Popular Painting Mediums – Oil, Acrylic, Watercolour and Mixed Media
23 January, 2020
23 January, 2020
Viewing art can be an overwhelming process, particularly with so many different styles, subjects and mediums in use. Below we take you through a simple guide to the different painting mediums available to artists and why they might choose one over the other.
Oil paints are one of the most widely used mediums for artists. Its use proliferated from the 15th Century and it continues to be considered the gold standard of painting medium with its own dedicated institute. Made from binding pigments to oils such as linseed oil, the paint is pliable, slow drying and rich. The properties of the oil allow for swift and broad brushstrokes whilst its slow drying time (sometimes months) offers artists extended working time, allowing for adjustments and changes to be made to paintings between sessions.
Some of Forest Gallery’s most successful still life artist rely on the slow drying time of oil paint to maintain consistency of colours as they work to reproduce the scene they are capturing.
Acrylic paints offer the body, colour, and durability of oils without the expense, mess and toxicity issues of using heavy solvents to mix them. As a result, they are extremely popular amongst professional artists and hobbyists alike. One of the key differences between acrylic and oil, aside from the base used, are their fast drying times.
For artists who like to work quickly and maintain clear colours when painting over parts of the canvas already covered, acrylics offer the preferred attributes. Unlike with oils, acrylics can be touch dry within minutes and ready to take on another layer of paint without mixing with the layer underneath.
For some artists texture is fundamental to the appearance and effect of their artwork. Water based painting mediums offer the broadest selection of materials to work with ranging from impasto gels to sand impregnated mediums and iridescent tints to ceramic matte finishes.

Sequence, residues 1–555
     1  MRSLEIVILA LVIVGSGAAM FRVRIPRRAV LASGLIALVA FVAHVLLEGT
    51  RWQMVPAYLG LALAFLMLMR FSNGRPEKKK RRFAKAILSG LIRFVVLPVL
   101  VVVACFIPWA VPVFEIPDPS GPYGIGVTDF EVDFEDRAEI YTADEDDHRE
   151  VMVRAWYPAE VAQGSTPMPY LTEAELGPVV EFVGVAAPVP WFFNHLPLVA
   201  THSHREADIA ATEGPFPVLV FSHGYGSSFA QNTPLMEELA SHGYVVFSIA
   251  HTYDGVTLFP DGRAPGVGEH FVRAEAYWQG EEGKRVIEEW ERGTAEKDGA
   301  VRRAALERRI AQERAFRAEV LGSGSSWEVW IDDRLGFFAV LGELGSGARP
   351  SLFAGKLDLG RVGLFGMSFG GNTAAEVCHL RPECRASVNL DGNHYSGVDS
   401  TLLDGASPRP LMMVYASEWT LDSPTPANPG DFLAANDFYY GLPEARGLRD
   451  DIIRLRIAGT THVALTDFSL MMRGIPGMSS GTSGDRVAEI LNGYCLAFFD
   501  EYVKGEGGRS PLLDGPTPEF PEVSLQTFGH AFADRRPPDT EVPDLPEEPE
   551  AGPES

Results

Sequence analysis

One of the oldest painting mediums, watercolour is named simply for its solubility in water. Made from pigment and a binder of gum-arabic, the medium is highly transportable and accessible. However, be under no illusion, watercolour is one of the trickiest mediums to master. Although available in an opaque (widely known as gouache) and transparent form, the transparent watercolour medium is more familiar to most and relies on the whiteness of the paper underneath to reflect light back through the applied colour.
Watercolour paintings hold a sense of immediacy that can be conveyed in a few, well placed brush strokes. Using the technique wet-in-wet allows colours to flow and drift into each other, creating harmonious and soft transitions between them. Conversely, dry brush work can render unique appearances of texture within the work.
Inks and Mixed Media
Combinations of painting mediums are sometimes used to create effects that one single medium cannot do alone. Pen and ink are a staple for may artists and provide artists with a fluid medium that is able to convey a great sense of dynamism within the work.
There is no definitively better or worse painting medium, rather they each have attributes which may suit one artist’s style better than another. An artist will choose that which best allows them to impart their skill into the art and ultimately convey their vision.
When viewing art you may find yourself enjoying one medium more than another, but remember the medium is simply the means by which the artist is conveying their work. The most important element to consider when viewing art is how it makes you feel, after all artwork is a viewing experience that can influence a multitude of emotions not by the means of how colour is fixed to canvas, but by the marks on that canvas.
To see the collection of works by the artists shown in this article follow their hyperlinked names. More work can also be seen by the featured artist, Marc Allante, through the button below.
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